## Hong Kong Students Rise To Wide-Open Math Challenge

March 13, 2007

I am writing about a high school mathematics competition in Hong Kong. The personalities and the place made it a unique event. But my purpose in describing it here is to encourage others, in very different places, to see the possibility that was realized in Hong Kong. The experience of those hundreds of students and teachers could then be widely shared, as it deserves.*

The plan of the Hang Lung competition is simple. Every two years, teams of students from any high school in Hong Kong look for original mathematics problems. Their teachers can suggest directions, but this seldom happens. With help from books, and more often from Wikipedia, the students work together and report what they have discovered.

Hong Kong mathematicians led by Thomas Au had chosen this year's 15 finalists. In their presentations to the judges in December, all but one used PowerPoint. (We identified him as the mathematician. . . .) Among the nine judges were visiting mathematicians Tony Chan (the Chief Justice), John Coates, Jean-Pierre Kahane, and Yang Lo. Tony, a graduate of what he recalls as the "very structured and curriculum-focused" Hong Kong high school system, was impressed by the students' creativity. The awarding of prizes was a Hong Kong pageant, but readers of SIAM News will want to know about the projects.

Fibonacci and Sudoku had their attractions. I don't think they could lead to the gold medal. The Prime Number Theorem was the choice of the silver medalist (the mathematician, who presented neat conjectures but no proofs). The winner of the gold medal (also a one-student team) simply put a cylinder partly filled with liquid on its side, and wondered whether the wet area of the cylinder would decrease. Sometimes it does, depending on the height and radius and fluid volume. The winner's decisive step was to tilt the cylinder and minimize the wet area again---he solved an isoperimetric problem for the best orientation with fixed shape.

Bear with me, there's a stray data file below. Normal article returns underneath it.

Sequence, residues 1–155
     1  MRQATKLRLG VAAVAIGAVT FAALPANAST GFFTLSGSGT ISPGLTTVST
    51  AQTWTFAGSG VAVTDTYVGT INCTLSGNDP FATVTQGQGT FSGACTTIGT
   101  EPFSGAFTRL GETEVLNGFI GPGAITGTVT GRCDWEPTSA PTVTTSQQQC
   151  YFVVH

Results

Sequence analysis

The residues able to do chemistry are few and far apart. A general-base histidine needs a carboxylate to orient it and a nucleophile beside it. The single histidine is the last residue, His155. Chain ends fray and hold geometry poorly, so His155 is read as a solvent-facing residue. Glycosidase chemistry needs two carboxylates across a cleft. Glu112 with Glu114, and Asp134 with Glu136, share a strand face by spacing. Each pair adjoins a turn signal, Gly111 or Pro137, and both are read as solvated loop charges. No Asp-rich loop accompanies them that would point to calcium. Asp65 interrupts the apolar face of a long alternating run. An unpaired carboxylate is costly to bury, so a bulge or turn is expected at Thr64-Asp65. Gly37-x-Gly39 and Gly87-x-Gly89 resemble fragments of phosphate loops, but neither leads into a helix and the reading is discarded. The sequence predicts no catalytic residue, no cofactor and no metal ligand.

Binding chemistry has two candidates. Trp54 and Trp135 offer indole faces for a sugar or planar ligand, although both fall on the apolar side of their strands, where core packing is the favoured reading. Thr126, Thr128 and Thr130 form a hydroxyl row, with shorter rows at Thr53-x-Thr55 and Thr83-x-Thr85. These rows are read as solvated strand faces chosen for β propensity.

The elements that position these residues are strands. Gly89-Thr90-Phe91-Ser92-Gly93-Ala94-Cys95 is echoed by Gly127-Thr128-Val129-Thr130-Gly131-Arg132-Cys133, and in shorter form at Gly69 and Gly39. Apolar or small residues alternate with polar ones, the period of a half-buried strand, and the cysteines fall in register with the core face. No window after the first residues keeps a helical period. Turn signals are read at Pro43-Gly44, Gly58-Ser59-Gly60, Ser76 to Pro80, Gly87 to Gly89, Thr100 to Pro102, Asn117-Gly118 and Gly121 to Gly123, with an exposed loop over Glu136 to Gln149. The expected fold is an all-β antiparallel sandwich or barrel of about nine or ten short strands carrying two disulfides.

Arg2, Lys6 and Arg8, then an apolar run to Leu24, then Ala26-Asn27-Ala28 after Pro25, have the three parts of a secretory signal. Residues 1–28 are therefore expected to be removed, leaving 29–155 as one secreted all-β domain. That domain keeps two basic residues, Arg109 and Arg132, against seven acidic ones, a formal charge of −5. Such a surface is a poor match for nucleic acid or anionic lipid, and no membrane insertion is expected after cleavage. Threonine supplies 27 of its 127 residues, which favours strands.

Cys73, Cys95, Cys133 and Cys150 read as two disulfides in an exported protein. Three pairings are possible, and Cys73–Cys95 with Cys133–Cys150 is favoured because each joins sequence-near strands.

You or your students might like to consider a related problem: What shapes hold volume V with minimum wet surface area A? But the true question is whether a competition like this could succeed in the schools near you. You won't have Ronnie Chan, the CEO of Hang Lung Properties, to provide generous support and such an astonishing spark. (He emphasizes that the idea for the competition came from his friendship and conversations with S.T. Yau.) But you do have students and teachers, perhaps ready to test themselves on a wide-open challenge. The students do the work, write up their best efforts, and deal with tough questions from the judges---and grow visibly from the experience.---Gilbert Strang, Department of Mathematics, MIT.

*Early this month, teams of high school students in the metropolitan New York City area participated in a mathematics competition structured in a completely different way. The Moody's Foundation funds and SIAM organizes the annual competition---the Moody's Mega Math Challenge---in which the teams are given 14 hours to solve a realistic modeling problem. Details can be found at M3Challenge.siam.org.

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